I almost died in Syria (Salon)

Olivier Voisin’s last images (Paris Match L’instant)

Taking RISC: Program Trains Reporters How To Save Lives in War Zones (ABC News)

RISC: Training reporters how to save lives (BJP)

French photographer Pierre Borghi escapes four months after kidnapping in Afghanistan (New York Daily News)

John Simon Guggenheim Memorial Foundation awarded Fellowships 2013 (Guggenheim Foundation)

Feisal Omar: “Are you al-Shabaab or soldiers?” (Reuters Photographers blog) Covering Somalia

Featured photojournalist: Christopher Furlong (Guardian)

Anastasia Rudenko (Verve Photo)

Thomas Cristofoletti (Verve Photo)

Challenging an Old Narrative in Latin American Photojournalism (NYT Lens)

Donna De Cesare’s Photo of Violence in El Salvador (NYT Lens)

How the 1962 monsoons inspired Steve McCurry (Phaidon) Forthcoming book, Steve McCurry Untold: The Stories Behind The Photographs, tells how coverage of the Indian rainy season in Life magazine set the Magnum photographer off on a life of photography and far flung travel.

Sebastiao Salgado’s Genesis (BBC)

Sebastião Salgado documents world’s wildernesses in new Genesis exhibition (Guardian)

Sebastião Salgado: Genesis – review (Guardian)

André Kertész: Truth and Distortion, Atlas Gallery, London – review (FT)

Explore Nic Dunlop’s new book Brave New Burma (Panos Pictures blog)

One of the most amazing things about the debate we’ve had over financial reform since the crisis of 2008 is that we haven’t really questioned the system itself, only the state of individual institutions. Stanford professor Anat Admati, whose book The Bankers’ New Clothes, which she co-wrote with Martin Hellwig, has become a call to arms for reformers globally, has done just that. Rather than focus on the details of stress tests or Dodd-Frank regulations, Admati has asked a simple, powerful question: Why do banks, even under new postcrisis rules, do business with 95% borrowed money when no other business would dream of it? Why are banks special? Her answer: They aren’t, and financial reform needs to go much further to reflect that. “Is this complicated, risky system the best we can have?” she asks. Thanks to Admati, central bankers, global policymakers and economists are starting to wonder that too. Foroohar is an assistant managing editor and economic columnist at TIME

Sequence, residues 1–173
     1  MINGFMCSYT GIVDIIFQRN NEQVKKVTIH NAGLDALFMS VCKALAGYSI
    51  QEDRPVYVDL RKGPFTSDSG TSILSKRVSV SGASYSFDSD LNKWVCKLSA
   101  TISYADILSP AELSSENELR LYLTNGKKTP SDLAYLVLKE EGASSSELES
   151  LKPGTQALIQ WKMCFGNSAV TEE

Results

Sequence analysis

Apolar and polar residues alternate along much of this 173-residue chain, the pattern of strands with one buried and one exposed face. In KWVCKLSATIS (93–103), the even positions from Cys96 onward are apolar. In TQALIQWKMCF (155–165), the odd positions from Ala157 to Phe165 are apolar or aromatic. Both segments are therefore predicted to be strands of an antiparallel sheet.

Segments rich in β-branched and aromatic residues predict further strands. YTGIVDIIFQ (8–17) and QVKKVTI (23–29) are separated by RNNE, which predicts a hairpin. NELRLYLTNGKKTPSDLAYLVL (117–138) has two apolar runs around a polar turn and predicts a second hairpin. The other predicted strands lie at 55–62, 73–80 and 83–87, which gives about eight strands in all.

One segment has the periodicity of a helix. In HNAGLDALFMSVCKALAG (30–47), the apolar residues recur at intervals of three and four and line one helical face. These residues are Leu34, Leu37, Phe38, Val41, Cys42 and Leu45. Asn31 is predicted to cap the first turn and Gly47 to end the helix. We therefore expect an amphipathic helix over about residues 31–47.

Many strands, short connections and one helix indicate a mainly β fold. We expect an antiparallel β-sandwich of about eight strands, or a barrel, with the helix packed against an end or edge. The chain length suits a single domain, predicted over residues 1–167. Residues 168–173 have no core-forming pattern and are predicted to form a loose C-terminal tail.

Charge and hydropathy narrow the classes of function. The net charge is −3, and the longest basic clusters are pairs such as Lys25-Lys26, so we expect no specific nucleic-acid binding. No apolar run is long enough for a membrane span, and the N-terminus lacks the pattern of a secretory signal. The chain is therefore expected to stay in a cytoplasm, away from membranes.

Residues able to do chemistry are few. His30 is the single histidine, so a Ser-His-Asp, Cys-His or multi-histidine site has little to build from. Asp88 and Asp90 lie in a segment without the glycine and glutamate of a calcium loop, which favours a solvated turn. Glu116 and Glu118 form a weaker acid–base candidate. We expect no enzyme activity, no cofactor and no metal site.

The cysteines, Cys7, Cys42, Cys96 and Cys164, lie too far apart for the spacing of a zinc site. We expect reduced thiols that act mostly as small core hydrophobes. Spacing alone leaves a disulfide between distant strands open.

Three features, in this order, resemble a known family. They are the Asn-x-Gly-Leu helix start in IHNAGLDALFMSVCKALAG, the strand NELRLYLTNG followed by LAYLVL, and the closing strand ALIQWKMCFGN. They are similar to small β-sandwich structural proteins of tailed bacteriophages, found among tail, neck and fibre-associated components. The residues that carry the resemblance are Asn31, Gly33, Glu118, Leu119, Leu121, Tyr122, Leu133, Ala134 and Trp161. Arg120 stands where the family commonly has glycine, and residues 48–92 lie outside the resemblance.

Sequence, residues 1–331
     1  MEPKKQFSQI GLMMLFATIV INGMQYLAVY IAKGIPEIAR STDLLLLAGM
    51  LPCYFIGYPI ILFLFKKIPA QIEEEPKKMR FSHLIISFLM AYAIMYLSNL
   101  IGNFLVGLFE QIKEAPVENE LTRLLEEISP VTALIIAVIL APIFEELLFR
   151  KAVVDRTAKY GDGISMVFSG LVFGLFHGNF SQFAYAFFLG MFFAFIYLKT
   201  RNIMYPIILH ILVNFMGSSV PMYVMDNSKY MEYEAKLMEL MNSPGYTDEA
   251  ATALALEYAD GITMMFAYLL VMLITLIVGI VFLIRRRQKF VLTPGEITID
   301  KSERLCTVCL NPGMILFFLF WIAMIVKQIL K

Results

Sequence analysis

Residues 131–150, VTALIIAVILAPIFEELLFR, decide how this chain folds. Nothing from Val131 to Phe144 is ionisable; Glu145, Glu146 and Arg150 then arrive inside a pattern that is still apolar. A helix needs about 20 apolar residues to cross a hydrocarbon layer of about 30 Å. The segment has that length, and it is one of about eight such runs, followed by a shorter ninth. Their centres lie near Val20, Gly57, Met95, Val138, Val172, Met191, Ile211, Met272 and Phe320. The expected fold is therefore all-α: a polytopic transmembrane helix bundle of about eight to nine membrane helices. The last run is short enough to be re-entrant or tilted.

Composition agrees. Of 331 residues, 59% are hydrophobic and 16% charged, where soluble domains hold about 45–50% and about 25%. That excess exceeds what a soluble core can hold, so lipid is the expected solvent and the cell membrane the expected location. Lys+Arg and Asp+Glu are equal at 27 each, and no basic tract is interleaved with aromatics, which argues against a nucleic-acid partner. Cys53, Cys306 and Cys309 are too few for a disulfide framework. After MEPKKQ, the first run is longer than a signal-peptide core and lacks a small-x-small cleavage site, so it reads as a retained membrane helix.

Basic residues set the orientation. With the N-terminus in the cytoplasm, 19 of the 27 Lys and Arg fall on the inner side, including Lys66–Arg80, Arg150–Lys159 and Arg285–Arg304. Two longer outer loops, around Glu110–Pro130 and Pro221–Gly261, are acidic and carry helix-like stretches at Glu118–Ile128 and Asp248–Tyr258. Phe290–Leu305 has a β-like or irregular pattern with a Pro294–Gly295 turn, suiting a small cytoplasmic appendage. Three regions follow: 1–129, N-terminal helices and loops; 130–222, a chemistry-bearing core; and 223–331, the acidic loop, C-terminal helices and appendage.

Muhammed Muheisen / AP

Wire Photographer Spotlight: Daily Life by Muhammed Muheisen (LightBox)

A Year Later, Instagram Hasn’t Made a Dime. Was it Worth $1 Billion? (TIME)

Making Art With Tom Waits (NYT Magazine)

The National Geographic Trove (Photo Booth)

Genius in colour: Why William Eggleston is the world’s greatest photographer (The Independent)

Bert Stern’s Beautiful Photography and Less-Beautiful Personal Life, on Screen (The Atlantic) A new documentary shows two sides of the man who took some of the most iconic celebrity photographs of the 20th century: creative genius and womanizer.

“Arnold Newman: At Work” explores photographer through his archive (Harry Ransom Center Cultural Compass blog)

Native Americans: Portraits From a Century Ago (The Atlantic)

Meeting Florida’s Seminoles Through Rediscovered Photos (NPR)

Photographer David Moore’s dingy, deteriorating Derby is the real deal (Guardian) Chronicler of 80’s working-class England peers behind closed doors to capture a community indelibly marked by Margaret Thatcher.

Graham Nash’s best photograph (Guardian) Joni Mitchell listening to her new album

Unsung hero of photography Thurston Hopkins turns 100 (Guardian)

This was England: the photographs of Chris Killip (Guardian) Chris Killip’s study of the communities that bore the brunt of industrial decline in the North East have earned him a nomination for the Deutsche Börse Photography Prize.

Deutsche Börse Photography prize show: mashups and moon walkers (Guardian)

Deutsche Börse photography prize 2013 (Guardian) video | Sean O’Hagan meets the nominees for the annual Deutsche Börse photography prize. They’re all on show at the Photographers’ Gallery in London until June 30.